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Tracing the History of the Computer - DEC PDP-1



Digital Equipment Corporation's first computer was the PDP-1

The PDP-1 (Programmed Data Processor-1) was the first computer in Digital Equipment's PDP series and was first produced in 1960. It is famous for being the computer most important in the creation of hacker culture, at MIT, BBN and elsewhere. The PDP-1 was also the original hardware for playing history's first computerized video game, Steve Russell's Spacewar.

It used punched paper tape as its primary storage medium. Unlike punched card decks, which could be sorted and re-ordered, paper tape was difficult to physically edit. This inspired the creation of text-editing programs such as Expensive Typewriter and TECO. Because it was equipped with online and offline printers that were based on IBM electric typewriter mechanisms, it was capable of what, in eighties terminology, would be called "letter-quality printing" and therefore inspired TJ-2, arguably the first word processor.

The console typewriter was the product of a company named Soroban Engineering. It was an IBM Model B Electric typewriter mechanism modified by the addition of switches to detect keypresses and solenoids to activate the typebars. It used a traditional typebar mechanism, not the "golfball" IBM Selectric typewriter mechanism which was just starting to become popular. Case shifting was performed by raising and lowering the massive type basket. It was equipped with a two-color red-and-black ribbon, and the interface allowed color selection. Programs commonly used color coding to distinguish user input from machine responses. The Soroban mechanism was unreliable and prone to jamming, particularly when shifting case or changing ribbon color, and was widely disliked.

Offline devices were typically Friden Flexowriters that had been specially built to operate with the FIO-DEC character coding used by the PDP-1. Like the console typewriter, these were built around a typing mechanism that was mechanically the same as an IBM Electric typewriter.[1] However, Flexowriters were highly reliable and often used for long unattended printing sessions. Flexowriters had electromechanical paper tape punches and readers which operated synchronously with the typewriter mechanism. Typing was performed about ten characters per second. A typical PDP-1 operating procedure was to output text to punched paper tape using the PDP-1's "high speed" (60 character per second) Teletype model BRPE punch, then carry the tape to a Flexowriter for offline printing.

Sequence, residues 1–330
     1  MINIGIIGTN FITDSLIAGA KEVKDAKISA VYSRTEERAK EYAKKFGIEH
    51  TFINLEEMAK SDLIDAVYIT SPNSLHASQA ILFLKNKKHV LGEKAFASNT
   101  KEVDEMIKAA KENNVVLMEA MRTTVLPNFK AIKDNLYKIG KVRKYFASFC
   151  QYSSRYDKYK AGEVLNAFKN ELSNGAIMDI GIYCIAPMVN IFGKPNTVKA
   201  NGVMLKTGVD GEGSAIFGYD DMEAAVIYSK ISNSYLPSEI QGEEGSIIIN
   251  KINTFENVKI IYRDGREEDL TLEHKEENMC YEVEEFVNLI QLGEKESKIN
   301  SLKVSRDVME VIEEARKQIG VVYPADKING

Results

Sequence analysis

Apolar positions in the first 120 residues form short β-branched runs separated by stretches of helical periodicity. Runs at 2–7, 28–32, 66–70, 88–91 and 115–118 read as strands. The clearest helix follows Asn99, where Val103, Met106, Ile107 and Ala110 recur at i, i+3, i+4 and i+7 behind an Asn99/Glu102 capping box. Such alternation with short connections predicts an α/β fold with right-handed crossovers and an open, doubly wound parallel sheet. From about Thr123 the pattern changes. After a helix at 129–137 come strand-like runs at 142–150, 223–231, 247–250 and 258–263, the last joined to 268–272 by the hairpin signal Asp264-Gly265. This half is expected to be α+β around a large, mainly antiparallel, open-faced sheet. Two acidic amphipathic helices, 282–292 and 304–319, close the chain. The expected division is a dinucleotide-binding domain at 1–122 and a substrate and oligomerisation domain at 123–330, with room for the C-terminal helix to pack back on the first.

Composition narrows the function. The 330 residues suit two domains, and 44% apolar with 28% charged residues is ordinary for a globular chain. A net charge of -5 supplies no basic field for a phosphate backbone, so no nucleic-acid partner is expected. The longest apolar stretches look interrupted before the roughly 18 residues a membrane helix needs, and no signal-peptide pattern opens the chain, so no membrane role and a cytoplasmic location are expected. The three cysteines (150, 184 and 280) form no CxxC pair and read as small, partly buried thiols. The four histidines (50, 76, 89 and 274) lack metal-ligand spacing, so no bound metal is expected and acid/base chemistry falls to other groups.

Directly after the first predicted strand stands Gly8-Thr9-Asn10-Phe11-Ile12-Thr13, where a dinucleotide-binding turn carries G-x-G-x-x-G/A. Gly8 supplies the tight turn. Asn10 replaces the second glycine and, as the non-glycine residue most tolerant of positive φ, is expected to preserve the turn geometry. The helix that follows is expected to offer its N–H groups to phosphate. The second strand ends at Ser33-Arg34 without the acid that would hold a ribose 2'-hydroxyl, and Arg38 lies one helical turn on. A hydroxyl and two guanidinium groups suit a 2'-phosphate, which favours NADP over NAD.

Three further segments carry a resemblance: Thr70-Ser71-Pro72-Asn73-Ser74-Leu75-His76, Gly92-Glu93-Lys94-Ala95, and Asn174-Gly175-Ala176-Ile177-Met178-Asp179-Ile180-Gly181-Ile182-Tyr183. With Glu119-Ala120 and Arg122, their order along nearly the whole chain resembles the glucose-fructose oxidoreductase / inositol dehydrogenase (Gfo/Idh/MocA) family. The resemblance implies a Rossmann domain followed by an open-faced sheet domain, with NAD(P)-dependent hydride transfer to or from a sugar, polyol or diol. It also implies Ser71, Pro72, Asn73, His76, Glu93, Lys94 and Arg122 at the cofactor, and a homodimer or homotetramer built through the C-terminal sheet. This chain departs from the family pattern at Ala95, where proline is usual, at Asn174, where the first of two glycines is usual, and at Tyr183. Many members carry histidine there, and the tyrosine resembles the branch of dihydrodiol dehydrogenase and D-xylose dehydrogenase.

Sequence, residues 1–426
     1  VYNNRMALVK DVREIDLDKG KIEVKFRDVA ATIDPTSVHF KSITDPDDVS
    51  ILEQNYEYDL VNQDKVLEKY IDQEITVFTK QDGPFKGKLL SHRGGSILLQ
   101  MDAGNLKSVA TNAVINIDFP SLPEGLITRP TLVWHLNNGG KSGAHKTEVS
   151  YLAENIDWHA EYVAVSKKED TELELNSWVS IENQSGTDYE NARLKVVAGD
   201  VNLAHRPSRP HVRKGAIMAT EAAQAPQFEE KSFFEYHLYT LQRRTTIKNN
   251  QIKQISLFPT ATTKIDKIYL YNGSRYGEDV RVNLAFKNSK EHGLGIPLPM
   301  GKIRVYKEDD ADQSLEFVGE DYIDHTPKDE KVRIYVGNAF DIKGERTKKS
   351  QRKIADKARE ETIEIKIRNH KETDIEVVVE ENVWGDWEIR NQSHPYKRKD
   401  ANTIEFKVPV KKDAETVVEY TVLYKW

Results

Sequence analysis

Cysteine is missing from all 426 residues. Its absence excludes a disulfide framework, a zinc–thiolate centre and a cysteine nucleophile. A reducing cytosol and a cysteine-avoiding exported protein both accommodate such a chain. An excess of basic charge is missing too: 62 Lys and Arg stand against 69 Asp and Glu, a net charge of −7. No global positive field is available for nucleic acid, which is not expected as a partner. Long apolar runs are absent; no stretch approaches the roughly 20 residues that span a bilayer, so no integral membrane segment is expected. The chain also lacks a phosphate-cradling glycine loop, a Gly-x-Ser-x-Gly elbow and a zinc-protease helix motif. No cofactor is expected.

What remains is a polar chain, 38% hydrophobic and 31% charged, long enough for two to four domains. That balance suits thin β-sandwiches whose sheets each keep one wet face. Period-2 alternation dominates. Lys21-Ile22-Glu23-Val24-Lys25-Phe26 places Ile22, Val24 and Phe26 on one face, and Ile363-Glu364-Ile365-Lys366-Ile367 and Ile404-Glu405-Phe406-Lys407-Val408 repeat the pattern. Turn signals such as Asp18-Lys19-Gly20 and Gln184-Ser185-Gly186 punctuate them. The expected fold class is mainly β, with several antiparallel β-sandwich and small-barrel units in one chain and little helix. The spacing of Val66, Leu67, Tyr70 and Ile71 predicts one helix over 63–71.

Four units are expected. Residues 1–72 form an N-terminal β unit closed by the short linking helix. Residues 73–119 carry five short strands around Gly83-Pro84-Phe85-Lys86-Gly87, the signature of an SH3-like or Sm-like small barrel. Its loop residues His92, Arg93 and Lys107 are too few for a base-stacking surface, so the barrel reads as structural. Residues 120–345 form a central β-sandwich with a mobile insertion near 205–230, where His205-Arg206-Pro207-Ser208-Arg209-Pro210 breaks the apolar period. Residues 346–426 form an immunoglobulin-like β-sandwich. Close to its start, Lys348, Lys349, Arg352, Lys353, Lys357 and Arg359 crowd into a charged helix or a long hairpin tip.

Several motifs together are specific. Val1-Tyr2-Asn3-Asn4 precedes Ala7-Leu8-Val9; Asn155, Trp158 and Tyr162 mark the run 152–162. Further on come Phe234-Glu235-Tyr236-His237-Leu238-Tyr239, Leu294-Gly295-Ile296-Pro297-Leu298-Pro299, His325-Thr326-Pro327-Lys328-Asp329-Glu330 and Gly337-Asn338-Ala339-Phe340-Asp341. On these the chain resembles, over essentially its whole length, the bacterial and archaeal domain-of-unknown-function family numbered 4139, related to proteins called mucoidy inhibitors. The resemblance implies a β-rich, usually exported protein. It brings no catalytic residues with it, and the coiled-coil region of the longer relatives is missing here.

MIT hackers also used the PDP-1 for playing music in four-part harmony, using some special hardware--four flip-flops directly controlled by the processor (filtered with simple RC filters). Music was prepared via Pete Samson's Harmony Compiler, a sophisticated text-based program with some features specifically oriented toward the efficient coding of baroque music. Several hours of music were prepared for it, including Bach fugues, all of Mozart's Eine Kleine Nachtmusik, Christmas carols, and numerous popular songs.


It had an 18-bit word and had 4K words as standard main memory (equivalent to 9 kilobytes), upgradable to 64K words (144 KB). The magnetic core memory's cycle time was 5 microseconds (corresponding very roughly to a "clock speed" of 200 kilohertz); consequently most arithmetic instructions took 10 microseconds (100,000 operations per second) because they had two memory cycles: one for the instruction, one for the operand data fetch.

The PDP-1 was built mostly of DEC 1000-series system modules, using Micro-Alloy and Micro-Alloy-Diffused Transistors. Rated switching speed: 5 MHz. It is emulated by M.E.S.S.


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Steve Russell

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